More than 80 newly-banned firearms have been handed over to police at Kaitaia's first gun buyback event, making a total for Northland so far of just under 700.

The buyback, at the Kaitaia RSA on Tuesday afternoon, is one of 21 taking place around Northland in the wake of the Christchurch terror attack and a new law prohibiting most semi-automatic weapons.

Police sergeant Ryan Gray, who was in charge of the Kaitaia buyback, said the response from Northland gun owners had been "phenomenal".

So far 690 guns had been handed in across Northland, including 82 in Kaitaia by 42 people, with two-thirds of collection events still to go. One Kaitaia owner had given up 20 firearms, he said.


Sergeant Gray said Kaitaia gun owners had also handed over 152 accessories including scopes and high-capacity magazines, making a total of 1180 so far across the region.

One collector, elsewhere in Northland, had even given up a vintage anti-aircraft gun. That weapon was not in working order and, given its size, the owner had phoned police to arrange collection rather than taking it to a buyback event.

Most of the surrendered firearms were semi-automatic rifles but there had also been a "significant number" of semi-automatic shotguns and firearms capable of being modified to make them illegal.

The reactions of gun owners varied, Sergeant Gray said.

"For some people handing over their firearm is like handing over their first-born. Some are absolutely gutted. You can see it, and feel it, when they're sitting across the desk from you — but firearms owners are good and proper people, and most of them get why the government has gone ahead with making these firearms prohibited."

"That's why they're here, to prove to the non gun-holding community that they are doing the right and lawful thing."

Guns handed over by the public at another gun buyback event. Photo / File
Guns handed over by the public at another gun buyback event. Photo / File

Gun owners who spoke to the Northland Age also expressed mixed views.

A hunter bringing in two semi-automatic rifles said he had inherited one and been given another by a family member.


"I'm happy to see them gone. They should never have come into the country," he said.
Another man, however, was upset as he arrived with three newly banned guns.

"It's a bit of a sore spot. I don't want to talk about it," he said.

A farmer who handed in a .223 semi-automatic he used to shoot Canada geese said the price he was paid — 90 per cent of its new value — was fair.

"I'm not too unhappy. It's just one of those things."

In future he would use a bolt action rifle instead, he said.

Sergeant Gray said expert assessors examined the firearms and came to an agreement with the owner on compensation, which was set at 90, 70 or 20 per cent of the gun's new value, depending on condition. The money was paid into the owner's bank account within 10 days.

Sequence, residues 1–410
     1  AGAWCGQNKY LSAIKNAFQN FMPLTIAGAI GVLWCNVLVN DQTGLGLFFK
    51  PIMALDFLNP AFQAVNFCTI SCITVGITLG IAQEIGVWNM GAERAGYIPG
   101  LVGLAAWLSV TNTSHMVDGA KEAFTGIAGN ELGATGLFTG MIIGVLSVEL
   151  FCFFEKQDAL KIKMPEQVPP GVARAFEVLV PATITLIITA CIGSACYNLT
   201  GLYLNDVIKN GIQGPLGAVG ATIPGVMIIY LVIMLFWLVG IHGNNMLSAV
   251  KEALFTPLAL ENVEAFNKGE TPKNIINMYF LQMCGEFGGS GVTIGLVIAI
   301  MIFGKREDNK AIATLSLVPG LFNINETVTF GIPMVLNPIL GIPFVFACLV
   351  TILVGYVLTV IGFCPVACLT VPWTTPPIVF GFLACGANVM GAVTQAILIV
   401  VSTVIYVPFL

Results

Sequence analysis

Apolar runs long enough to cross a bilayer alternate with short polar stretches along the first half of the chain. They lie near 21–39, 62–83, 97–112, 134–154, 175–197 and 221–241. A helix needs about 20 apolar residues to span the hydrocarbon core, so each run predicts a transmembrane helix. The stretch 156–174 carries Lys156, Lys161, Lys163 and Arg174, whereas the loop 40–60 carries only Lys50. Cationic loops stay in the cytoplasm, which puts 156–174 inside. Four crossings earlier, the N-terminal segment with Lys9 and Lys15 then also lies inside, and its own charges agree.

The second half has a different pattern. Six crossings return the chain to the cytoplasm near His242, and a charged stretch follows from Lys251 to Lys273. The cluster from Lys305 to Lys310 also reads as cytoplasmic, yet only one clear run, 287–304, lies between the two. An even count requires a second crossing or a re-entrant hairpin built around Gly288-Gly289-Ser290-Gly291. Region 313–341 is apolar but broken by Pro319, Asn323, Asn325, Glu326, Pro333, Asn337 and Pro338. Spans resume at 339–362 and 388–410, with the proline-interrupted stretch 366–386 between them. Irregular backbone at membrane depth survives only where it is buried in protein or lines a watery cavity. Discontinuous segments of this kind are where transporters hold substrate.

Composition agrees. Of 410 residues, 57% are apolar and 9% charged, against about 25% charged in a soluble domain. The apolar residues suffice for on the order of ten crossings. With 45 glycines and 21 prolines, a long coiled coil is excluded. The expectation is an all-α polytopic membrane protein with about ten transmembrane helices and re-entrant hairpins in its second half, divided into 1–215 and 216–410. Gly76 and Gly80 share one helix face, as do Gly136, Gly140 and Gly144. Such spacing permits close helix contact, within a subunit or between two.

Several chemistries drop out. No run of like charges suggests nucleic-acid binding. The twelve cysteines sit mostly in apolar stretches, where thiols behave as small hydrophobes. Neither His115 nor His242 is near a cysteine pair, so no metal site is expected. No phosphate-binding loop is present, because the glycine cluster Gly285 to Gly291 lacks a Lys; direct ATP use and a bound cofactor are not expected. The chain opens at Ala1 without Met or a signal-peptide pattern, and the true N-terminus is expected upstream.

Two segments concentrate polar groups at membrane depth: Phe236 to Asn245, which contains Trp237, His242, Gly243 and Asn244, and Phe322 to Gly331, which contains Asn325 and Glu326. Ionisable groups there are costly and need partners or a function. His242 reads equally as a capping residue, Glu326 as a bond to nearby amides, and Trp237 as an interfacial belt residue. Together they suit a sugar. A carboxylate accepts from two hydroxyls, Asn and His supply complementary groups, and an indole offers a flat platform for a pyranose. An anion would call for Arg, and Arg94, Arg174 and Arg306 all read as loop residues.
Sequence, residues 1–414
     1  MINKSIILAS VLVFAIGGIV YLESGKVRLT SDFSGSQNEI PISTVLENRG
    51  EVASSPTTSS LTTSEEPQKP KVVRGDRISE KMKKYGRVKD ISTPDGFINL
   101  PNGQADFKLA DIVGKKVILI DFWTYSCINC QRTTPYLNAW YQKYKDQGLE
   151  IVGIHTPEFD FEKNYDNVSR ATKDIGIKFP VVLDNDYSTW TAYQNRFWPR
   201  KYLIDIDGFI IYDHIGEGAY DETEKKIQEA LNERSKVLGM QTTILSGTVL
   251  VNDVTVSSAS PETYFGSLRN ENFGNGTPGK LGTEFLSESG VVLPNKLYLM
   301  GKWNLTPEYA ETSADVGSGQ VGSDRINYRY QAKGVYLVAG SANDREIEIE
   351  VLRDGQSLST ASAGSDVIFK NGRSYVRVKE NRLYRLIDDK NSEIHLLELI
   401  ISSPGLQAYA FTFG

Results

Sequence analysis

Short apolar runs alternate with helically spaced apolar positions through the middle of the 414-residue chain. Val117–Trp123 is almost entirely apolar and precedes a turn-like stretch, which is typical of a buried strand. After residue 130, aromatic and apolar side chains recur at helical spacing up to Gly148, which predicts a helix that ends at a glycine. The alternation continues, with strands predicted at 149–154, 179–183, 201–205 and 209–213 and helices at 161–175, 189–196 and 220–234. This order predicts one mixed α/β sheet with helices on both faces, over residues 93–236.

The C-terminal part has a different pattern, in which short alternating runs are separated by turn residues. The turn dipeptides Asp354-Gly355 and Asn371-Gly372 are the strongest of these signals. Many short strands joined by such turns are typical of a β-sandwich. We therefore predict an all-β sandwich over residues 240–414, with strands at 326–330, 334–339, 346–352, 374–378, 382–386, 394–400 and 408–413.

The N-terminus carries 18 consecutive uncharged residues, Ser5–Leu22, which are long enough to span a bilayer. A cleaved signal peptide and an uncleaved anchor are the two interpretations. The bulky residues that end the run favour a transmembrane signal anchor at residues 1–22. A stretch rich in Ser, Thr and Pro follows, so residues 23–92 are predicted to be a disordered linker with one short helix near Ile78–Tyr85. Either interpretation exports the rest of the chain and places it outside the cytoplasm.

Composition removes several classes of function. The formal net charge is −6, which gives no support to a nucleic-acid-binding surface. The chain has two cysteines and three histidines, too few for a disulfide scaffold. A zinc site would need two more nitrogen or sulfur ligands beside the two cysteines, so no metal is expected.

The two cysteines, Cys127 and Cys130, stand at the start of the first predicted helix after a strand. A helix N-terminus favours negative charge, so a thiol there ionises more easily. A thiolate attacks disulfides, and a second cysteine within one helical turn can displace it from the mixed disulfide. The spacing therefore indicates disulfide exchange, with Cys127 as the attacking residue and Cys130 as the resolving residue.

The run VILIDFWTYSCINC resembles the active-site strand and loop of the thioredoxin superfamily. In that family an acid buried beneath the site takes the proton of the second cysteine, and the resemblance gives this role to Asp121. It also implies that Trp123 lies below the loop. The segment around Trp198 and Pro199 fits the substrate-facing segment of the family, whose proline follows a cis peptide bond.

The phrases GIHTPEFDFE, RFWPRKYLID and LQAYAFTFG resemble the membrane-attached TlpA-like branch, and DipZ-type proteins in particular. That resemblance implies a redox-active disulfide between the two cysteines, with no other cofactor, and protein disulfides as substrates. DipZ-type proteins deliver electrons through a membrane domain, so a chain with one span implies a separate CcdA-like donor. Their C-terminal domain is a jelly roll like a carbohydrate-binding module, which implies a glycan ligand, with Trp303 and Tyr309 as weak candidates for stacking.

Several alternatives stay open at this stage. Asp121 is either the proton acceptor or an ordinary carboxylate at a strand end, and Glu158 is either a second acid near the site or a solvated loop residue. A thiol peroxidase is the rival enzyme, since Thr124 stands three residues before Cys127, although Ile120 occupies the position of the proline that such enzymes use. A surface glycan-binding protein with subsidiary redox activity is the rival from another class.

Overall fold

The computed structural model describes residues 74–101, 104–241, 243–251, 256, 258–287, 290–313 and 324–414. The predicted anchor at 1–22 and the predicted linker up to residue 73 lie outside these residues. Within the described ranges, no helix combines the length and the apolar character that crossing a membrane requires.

The surrendered weapons were held securely and there was no chance of them being stolen and used for criminal purposes because they were rendered inoperable, by bending the barrel and working parts, before they left the collection site.

Later they would be transported to a central point and cut up into pieces, he said.

Police were also holding a gun amnesty for people who didn't have a firearms licence or had acquired guns unlawfully. They could be handed over with no questions asked but no compensation would be paid. About 20 guns had been handed over in Northland as part of the amnesty.

Ammunition was not part of the buyback but some people had brought in old or damaged ammo which would be disposed of by the Defence Force.

Sergeant Gray urged anyone planning to take part in a buyback event to register first at to speed up the process.

He said the government was about to release a list of approved gunsmiths who could modify some currently illegal firearms, for example by reducing the magazine size, to make them legal. The government would cover the cost of modifications up to $300.

A second Kaitaia buyback will take place at the RSA from 3-7pm on September 11.

Unlike some buybacks elsewhere in the country the Kaitaia event was deliberately low-key. Police were stationed at the entrance but weren't armed with rifles.

■ The other Far North buybacks are at Kaeo Rugby Club, 3-7pm, August 8; Bledisloe Domain, Haruru, 3-7pm, August 16; Lindvart Park, Kaikohe, 11am-3pm, August 25; Broadwood Community Hall, 3-7pm, September 10; Kerikeri Sports Complex, 3-7pm, September 17; Lindvart Park, Kaikohe, 11am-3pm, September 29.